The Second World War saw massive destruction of large parts of Bath, and over 400 of its residents were killed. After the war, there was a formal review and the severe lack of housing was exposed. So, vast areas of Bath were cleared and redeveloped. The style of these homes was very different to the Georgian style that was prominent from pre-war years. Much of the building that took place in the 1950's was council housing, which, while economical, was not a very attractive style. During the 1970's and 1980's, priorities changed from the building of housing to the preservation of historical buildings. This was so successful that, in 1987, Bath was declared a World Heritage Site.
In terms of its physical geography, Bath is situated at the bottom of the Avon Valley, near the edge of the Cotswolds. The prolific presence of these hills means that Bath boasts a number of very steep streets, with buildings constructed on sheer hill faces. The city is bisected by the River Avon, which has been made into one single channel. The area of Bath totals only 29 square kilometres, or 11 square miles.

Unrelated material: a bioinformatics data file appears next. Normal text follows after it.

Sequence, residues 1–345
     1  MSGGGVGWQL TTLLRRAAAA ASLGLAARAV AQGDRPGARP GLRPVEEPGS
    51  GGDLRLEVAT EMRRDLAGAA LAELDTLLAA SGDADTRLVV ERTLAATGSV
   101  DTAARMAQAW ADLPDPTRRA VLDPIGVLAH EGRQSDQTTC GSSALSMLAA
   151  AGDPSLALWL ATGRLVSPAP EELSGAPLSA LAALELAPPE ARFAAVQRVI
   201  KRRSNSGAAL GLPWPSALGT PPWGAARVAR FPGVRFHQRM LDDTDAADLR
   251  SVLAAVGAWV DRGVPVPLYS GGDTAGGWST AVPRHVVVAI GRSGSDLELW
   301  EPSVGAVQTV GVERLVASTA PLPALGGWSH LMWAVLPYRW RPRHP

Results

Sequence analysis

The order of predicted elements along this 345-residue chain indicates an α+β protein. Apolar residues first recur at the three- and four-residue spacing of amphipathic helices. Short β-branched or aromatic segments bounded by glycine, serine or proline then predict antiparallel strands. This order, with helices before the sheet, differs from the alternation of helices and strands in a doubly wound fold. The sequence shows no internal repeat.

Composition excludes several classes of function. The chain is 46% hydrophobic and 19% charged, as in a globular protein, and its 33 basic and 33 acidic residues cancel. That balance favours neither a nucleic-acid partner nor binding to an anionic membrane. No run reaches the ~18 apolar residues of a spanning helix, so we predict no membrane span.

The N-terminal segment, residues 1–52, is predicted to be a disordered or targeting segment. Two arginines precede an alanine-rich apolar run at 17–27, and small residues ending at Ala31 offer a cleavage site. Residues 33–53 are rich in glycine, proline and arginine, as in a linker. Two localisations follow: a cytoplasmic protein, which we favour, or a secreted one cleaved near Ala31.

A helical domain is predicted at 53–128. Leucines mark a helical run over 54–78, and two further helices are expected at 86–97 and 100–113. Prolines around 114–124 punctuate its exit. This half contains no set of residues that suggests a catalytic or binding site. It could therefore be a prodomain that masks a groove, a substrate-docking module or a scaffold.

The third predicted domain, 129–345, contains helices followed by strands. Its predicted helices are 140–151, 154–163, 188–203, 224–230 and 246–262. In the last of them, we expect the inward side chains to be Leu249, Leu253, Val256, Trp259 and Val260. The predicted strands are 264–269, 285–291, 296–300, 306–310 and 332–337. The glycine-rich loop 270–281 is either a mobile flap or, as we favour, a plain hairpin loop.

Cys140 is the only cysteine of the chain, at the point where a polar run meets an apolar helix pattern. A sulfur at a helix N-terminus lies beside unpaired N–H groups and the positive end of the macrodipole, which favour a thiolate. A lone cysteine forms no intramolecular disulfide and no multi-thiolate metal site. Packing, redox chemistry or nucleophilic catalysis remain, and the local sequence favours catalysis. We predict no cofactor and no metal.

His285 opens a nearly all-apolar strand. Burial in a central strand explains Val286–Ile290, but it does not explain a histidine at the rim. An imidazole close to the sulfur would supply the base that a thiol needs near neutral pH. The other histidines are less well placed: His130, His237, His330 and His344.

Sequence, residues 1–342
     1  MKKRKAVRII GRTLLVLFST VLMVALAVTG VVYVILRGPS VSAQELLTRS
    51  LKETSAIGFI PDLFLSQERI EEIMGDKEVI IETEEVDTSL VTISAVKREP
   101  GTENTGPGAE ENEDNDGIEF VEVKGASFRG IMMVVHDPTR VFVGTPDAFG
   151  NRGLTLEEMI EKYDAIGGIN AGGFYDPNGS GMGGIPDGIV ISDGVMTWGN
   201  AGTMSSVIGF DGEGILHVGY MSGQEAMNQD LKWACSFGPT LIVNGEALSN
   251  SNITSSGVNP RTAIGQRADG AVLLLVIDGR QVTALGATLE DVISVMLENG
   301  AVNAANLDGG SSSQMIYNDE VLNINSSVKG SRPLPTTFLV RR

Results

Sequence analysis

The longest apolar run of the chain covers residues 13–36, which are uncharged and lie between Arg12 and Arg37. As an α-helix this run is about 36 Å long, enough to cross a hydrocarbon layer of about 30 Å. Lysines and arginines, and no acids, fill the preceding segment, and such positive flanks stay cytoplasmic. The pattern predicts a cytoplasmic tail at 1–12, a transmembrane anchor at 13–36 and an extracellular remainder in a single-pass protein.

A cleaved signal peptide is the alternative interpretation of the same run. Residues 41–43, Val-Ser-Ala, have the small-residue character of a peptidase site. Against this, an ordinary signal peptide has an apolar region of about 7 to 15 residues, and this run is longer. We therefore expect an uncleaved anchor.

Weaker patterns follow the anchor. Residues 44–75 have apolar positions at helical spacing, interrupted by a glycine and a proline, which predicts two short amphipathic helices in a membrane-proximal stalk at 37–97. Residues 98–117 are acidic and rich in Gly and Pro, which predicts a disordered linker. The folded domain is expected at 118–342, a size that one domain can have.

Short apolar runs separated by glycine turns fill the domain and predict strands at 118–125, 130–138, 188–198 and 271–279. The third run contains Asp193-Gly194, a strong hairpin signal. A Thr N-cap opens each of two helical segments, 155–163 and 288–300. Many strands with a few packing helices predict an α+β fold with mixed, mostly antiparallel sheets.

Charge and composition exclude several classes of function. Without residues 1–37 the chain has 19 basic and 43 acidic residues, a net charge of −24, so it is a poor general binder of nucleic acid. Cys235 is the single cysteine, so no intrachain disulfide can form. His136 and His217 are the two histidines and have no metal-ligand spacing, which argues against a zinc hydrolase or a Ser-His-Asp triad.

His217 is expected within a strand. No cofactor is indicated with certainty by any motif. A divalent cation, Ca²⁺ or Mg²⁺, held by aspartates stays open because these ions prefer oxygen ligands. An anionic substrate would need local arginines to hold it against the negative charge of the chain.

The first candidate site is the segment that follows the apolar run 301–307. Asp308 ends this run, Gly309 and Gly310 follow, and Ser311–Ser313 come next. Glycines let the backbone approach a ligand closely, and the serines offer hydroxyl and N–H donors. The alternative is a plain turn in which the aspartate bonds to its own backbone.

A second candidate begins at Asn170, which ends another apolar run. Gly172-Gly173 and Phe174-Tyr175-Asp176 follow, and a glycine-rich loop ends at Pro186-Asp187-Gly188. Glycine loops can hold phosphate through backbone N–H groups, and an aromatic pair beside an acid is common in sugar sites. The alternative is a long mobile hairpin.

The hot spring water originates from rainfall on the Mendip Hills. This water drops as far as 4300 metres below the surface of the earth, where it can be heated to between 64 ??C and 96 ??C. As it heats, it expands, and is forced back up through limestone fissures and faults to the surface of the earth. Limestone is rich in minerals, giving the water the medicinal value it enjoys.
Tourist attractions in Bath:
.The Roman Baths
.The Jane Austen Centre
.The Victoria Art Gallery
.The Fashion Museum
For more information, please view: https://www.cityofbath.co.uk/